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‘Web of deceit’: Union fights Uber Eats for banning driver 'unfairly'

(Source: AAP, Supplied)

The Transport Workers’ Union is today appealing the Fair Work Commission’s decision to dismiss a claim by a sacked Uber Eats driver on the basis that the worker was an independent contractor, not an employee.

According to the TWU, Adelaide-based former Uber Eats driver Amita Gupta logged onto work for Uber Eats for 96 hours one week, but only received $300 in pay. After being 10 minutes late for a delivery, her access to the app was blocked, which she argued constituted a dismissal.

Gupta and her husband, both who suffer from several disabilities, went to the Fair Work Commission in an attempt to lodge an unfair dismissal remedy application, but this was shot down by the Commission on 23 August.

“I do not consider that Ms Gupta was an employee for the purposes of s.382 of the FW Act at the time of ending of the relationship, or more generally, and was not a person protected from unfair dismissal,” Commissioner Hampton wrote in his decision statement.

“As a result, the unfair dismissal application does not fall within the jurisdiction of the Commission.”

But TWU national secretary Michael Kaine today said the FWC’s decision to refuse the case was wrong.

“We believe there are strong grounds to appeal it,” he said.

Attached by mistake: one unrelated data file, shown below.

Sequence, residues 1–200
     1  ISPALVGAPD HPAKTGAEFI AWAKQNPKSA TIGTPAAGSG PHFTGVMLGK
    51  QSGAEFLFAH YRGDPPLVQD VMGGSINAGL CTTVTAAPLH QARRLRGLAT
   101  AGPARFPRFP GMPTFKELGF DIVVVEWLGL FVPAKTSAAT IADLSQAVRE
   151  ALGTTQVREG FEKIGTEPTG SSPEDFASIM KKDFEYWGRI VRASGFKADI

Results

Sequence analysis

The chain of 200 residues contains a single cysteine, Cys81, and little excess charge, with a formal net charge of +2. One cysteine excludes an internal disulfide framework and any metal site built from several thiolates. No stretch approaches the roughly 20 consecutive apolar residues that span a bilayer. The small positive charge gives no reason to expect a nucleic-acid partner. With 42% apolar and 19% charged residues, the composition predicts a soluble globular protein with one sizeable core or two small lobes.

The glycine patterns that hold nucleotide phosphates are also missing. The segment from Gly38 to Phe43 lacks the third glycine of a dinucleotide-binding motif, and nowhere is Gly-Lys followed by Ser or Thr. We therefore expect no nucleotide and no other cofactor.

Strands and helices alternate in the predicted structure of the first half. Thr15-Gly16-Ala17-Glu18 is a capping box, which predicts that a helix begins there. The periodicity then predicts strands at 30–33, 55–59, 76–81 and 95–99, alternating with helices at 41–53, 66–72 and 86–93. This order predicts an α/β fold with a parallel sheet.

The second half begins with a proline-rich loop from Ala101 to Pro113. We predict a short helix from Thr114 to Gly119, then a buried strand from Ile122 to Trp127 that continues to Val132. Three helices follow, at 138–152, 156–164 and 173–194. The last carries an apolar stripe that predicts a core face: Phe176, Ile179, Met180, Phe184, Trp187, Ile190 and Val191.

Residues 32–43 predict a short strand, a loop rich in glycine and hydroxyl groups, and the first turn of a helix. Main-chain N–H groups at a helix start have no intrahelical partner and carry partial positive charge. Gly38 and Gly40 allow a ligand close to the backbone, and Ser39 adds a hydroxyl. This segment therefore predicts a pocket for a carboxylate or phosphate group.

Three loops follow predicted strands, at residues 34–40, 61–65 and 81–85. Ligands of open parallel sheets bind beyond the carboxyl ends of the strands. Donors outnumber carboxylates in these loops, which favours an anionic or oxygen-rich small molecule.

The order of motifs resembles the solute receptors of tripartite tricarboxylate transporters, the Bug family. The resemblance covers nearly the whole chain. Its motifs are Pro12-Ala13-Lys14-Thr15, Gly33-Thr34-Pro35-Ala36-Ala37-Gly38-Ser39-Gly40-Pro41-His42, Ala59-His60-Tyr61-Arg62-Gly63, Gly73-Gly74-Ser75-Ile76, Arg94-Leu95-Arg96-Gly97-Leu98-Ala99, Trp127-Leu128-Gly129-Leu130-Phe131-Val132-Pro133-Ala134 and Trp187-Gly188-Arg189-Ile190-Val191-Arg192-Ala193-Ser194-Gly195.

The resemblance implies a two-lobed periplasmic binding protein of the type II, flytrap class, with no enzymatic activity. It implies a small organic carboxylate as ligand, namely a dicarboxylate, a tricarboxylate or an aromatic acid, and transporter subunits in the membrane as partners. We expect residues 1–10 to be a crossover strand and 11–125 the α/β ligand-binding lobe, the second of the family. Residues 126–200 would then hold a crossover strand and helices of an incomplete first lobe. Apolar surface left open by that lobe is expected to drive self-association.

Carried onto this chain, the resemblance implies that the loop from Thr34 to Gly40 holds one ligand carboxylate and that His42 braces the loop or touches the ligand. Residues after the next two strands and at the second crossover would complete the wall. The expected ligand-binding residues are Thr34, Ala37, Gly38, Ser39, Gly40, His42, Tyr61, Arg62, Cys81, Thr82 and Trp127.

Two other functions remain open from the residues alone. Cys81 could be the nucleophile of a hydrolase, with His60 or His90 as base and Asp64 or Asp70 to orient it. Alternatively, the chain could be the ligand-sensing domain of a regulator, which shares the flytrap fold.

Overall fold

“Uber Eats is deliberately misclassifying its workers, calling them independent contractors, so they can deny them rights, deny them superannuation, deny them the rights to leave,” Kaine said in a press conference live-streamed on Twitter.

Uber Eats was operating through a “web of deceit” and through “exploitation”, he added.

“[Uber] expect workers to be logged on for hours with no work and if they are a few minutes late they get sacked, with no warning or right to appeal. These drivers have chosen to take a stand, demand their rights and take on Uber,” he added.

“This case highlights just how low Uber can go in terms of abusing workers.”

TWU is also appealing to the federal government to intervene on the case, as well as for the government to regulate the gig economy.

Gig economy workers should be given rights to guaranteed minimum rates, sick leave, adequate workers’ compensation when injured on the job, the right to collectively bargain and the right to challenge an unfair sacking, Kaine argued.

“It cannot be left any longer to individuals to take on these cashed-up Silicon Valley behemoths, dragging them through the courts,” he said.

“California last week stepped up and gave these rights to workers, why can’t the Australian government do the same?”

Last Tuesday, Californian senators approved a bill that could reclassify on-demand contractors as employees in a move that would have major implications for Uber, Lyft, and other gig economy companies. The law will take effect from January – it is still awaiting approval from Californian governor Gavin Newsom – but he has already expressed support for it, Fortune.com reported.

Kaine said a successful appeal could prompt other Australian courts to recognise the rights of gig economy workers.

“The case will also pile pressure on the federal government to intervene on the side of workers and protect their rights,” he said as reported in The Australian.

On 17 July, Uber Eats pledged to amend its “unfair” contract terms that saw restaurants, not Uber Eats, responsible for damage to meals or errors that happened during delivery.

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